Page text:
Ladies: Speak up and take risks.
That's the advice that some of the nation's most successful women attorneys offered hundreds of attendees at an inaugural event this month at the University of California, Los Angeles, School of Law.
The event, hosted by Women LEAD, featured some big names: California Chief Justice Tani Cantil-Sakauye, former U.S. Secretary of Labor Alexis Herman and U.S. Court of Appeals for the Ninth Circuit Judges Kim McLane Wardlaw and Sandra Ikuta.
Michelle Banks, chairwoman of the Minority Corporate Counsel Association, founded Women LEAD two years ago with Nancy Abell, a Los Angeles partner and former global head of the employment law department at Paul Hastings. "It's all aimed at improving the representation and inclusion and equity of women in our profession, which is woefully represented, particularly at the top," Banks said in an interview.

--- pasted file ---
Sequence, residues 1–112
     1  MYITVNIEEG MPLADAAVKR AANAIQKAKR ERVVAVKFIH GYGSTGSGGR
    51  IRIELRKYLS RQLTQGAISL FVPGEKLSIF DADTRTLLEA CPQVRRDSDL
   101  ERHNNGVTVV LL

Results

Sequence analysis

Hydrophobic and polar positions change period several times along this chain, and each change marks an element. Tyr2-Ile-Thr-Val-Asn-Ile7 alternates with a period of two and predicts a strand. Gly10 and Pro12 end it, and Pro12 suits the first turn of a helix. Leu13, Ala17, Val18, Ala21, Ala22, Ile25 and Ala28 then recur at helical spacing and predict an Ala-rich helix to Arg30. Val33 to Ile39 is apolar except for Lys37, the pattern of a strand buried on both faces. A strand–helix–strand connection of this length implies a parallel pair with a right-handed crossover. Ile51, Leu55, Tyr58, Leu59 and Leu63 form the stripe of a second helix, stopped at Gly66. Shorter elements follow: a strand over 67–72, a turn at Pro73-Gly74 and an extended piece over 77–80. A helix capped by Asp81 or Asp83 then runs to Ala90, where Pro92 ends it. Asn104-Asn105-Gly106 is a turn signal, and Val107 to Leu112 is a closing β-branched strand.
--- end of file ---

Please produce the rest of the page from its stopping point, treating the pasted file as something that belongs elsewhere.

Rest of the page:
So listen up. Here are some tips on what women attorneys can do to fill that gap:
"Backbone is really important. It trumped, so to speak (pun intended) the fact that I was wearing a skirt."—Nori Gerardo Lietz, senior lecturer at Harvard Business School and founder of Areté Capital, a real estate advisory firm.
"You're going to have to be that much louder."—Tani Cantil-Sakauye, chief justice, California Supreme Court.
"Treat feedback as the most precious gift you've been given."—Emily Sullivan, vice president of employment law at Ross Stores Inc.
"You don't have to have your biggest mentors and advocates be women."—Nasym Afsari, general counsel of Montrose Environmental Group Inc.